Mormons have become recognizable enough to be a part of the way popular culture depicts people of faith. This week on Utah NOW we’re asking how the perception of Latter-day Saints is changing, and how it’s different when the work comes not from the outside, but from believers themselves.
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Dialogue is a journal of Mormon thought, and the magazine is celebrating it's 40th anniversary this Fall.
Mormons have become recognizable enough to be a part of the way popular culture depicts people of faith.
Tonight how are the perceptions of Latter‑day Saints changing?
How is it different when the word comes not from outsiders, but from believers themselves?
[Doug Fabrizio, Host]:
Hello and welcome to Utah now I'm Doug Fabrizio.
The well‑worn aphorism be careful what you wish for could be applied to the way the Church of Jesus Christ of Latter‑day Saints has come to be perceived in American culture.
For generations leaders have been trying to move the church into the mainstream, and by most accounts you can say they've arrived.
But recognition is always a mixed blessing.
Not all impressions of Mormons in popular culture are faith‑promoting or even all that flattering.
And as Mormon culture becomes more recognizable to the world, the subtleties of who and what defines them are becoming blurred. Not just from the outside, but from within.
In Focus: Lights, Camera, Saints
There was a time when religion was mostly off‑limits to the creators of popular culture.
Religious beliefs tend to be particular and can be divisive so films and television programs trying to attract a mass audience just kept away.
But more and more the issues of morality and characters with a distinctive faith are showing up in the story lines and lyrics of main stream culture.
Dennis Potter a philosophy professor at Utah Valley State College says there's been a cultural shift inside the church.
[Dennis Potter, Professor, Utah Valley State College]:
Some segments of the religious community have—come to sort of embrace pop culture, so for example in Evangelical Christianity you see pop music, but it's pop music that has Christian content.
Even punk rock they've incorporated that into their culture and you have punk rockers for Jesus.
But then on the other hand you have mainstream pop culture itself is starting to reflect religious themes more than they have in the past.
Along with other faiths, Mormons have become recognizable enough to be depicted in main stream media. Mormonism and popular culture was the theme of this year's sun stone symposium.
[South Park Video at Symposium]:
(Townspeople): Joseph Smith was called a prophet.
(Man): I told my wife that you spoke with God and Jesus and she didn't believe it.
(Joseph): Well it's true, I did.
Those who attended this session got all the jokes and the references in the montage.
Part of the purpose of organizations like Sun Stone and Dialogue is to explore how Latter‑day Saints negotiate a world they're a part of but expected to be apart from.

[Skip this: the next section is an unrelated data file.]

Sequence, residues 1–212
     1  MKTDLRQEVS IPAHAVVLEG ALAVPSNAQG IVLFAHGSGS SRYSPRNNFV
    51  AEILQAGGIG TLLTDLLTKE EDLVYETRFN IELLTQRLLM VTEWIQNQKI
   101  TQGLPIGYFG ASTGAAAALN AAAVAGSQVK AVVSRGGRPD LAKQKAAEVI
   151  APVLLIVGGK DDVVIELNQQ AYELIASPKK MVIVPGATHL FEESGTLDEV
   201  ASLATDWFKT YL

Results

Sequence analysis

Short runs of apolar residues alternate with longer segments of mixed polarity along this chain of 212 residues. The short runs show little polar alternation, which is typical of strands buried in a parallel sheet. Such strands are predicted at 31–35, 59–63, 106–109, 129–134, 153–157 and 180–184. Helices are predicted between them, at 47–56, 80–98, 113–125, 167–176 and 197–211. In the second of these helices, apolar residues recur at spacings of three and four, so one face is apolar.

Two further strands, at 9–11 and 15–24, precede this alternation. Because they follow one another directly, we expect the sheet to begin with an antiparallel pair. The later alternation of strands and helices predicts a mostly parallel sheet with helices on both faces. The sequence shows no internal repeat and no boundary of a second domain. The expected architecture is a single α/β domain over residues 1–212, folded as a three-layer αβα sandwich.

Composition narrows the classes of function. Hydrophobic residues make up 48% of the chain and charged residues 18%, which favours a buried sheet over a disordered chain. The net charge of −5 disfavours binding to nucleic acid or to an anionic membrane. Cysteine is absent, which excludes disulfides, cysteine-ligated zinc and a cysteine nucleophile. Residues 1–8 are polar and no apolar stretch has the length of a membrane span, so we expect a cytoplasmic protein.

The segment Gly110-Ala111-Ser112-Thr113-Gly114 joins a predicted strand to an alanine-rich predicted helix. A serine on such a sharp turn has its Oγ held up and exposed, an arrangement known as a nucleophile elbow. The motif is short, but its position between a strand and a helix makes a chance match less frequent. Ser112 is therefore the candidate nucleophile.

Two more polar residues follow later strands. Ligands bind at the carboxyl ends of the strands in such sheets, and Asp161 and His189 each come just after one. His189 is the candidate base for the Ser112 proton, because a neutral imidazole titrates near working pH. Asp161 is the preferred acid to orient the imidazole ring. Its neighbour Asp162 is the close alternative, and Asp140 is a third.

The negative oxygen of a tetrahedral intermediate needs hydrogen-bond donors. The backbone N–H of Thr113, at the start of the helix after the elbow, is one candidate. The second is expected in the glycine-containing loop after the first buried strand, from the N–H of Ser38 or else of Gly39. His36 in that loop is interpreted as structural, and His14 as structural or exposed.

It's one thing to see how outsiders portray the Mormon world, it's quite another to see how Mormons portray themselves.
I think the portrayals have been becoming more accurate of Mormons, but I also think that to some extent Mormons have made significant efforts to assimilate into American culture by trying to make themselves more visible, by insisting that they really are Christians, and that their beliefs fit into Christian orthodoxy and also by participating in politics, especially conservative politics.
I think that's an important part of the Americanization of Mormonism.
It used to be that Mormons were sketched as sober puritans or polygamists. But that image has changed over time. Today most of America has come to see the Mormon caricature as impossibly kind if not a little vacant, but still peculiar.
The exaggeration of that squeaky clean image might do some, I don't know, some critical damage to some extent to the image of Mormons because it makes them seem a little bit naive, a little bit gullible. And it's clearly the case that main stream culture in America doesn't accept Mormon theology and finds it kind of strange and anyone who would believe this is kind of naive. I think that's the way it's portrayed.
But filmmakers and writers who happen to be Latter‑day Saints face a unique dilemma.
In a faith so encompassing so intent on exporting the Mormon message should the religion be front and center in the art that they create or beside the point?
I think Mormons would like to be perceived a Christians. I think that's probably foremost in their minds that they be identified as Christians, but Christians of a unique or peculiar variety. They would also like to be seen as good people.
I think they've pretty much got one side of the equation and the other side of the equation is to have their theology portrayed in a more positive light, which it hasn't been so far.
Joining us now is the writer Phyllis Barber among her works is a memoir about growing up a Latter‑day Saint in Nevada, also with us is Paul Swenson a well known Utah journalist, he is also an associate professor in Communication at Utah Valley State College, he's also a writer and poet besides. Welcome to you both.
Let me start by asking, what are the impressions you think that main stream Americans have of Mormons? If they simply go off what they see in films and on television?
[Phyllis Barber, Author]:
Bearded polygamists for one, odd balls a little bit on the edge of everything. Polygamy is so huge.
Still, and that's what everyone thinks of when they think of Mormons.
What do you think?
[Paul Swenson, Poet] :
Well, because of Big Love, it's back in the consciousness. But I say I'm afraid, I don't know if it's a good thing or bad thing, but I think that for the most part Americans generally, Mormons make a very small indentation in their consciousness from film and other media, because what they see are glimpses and they're so small, they don't really register all that much.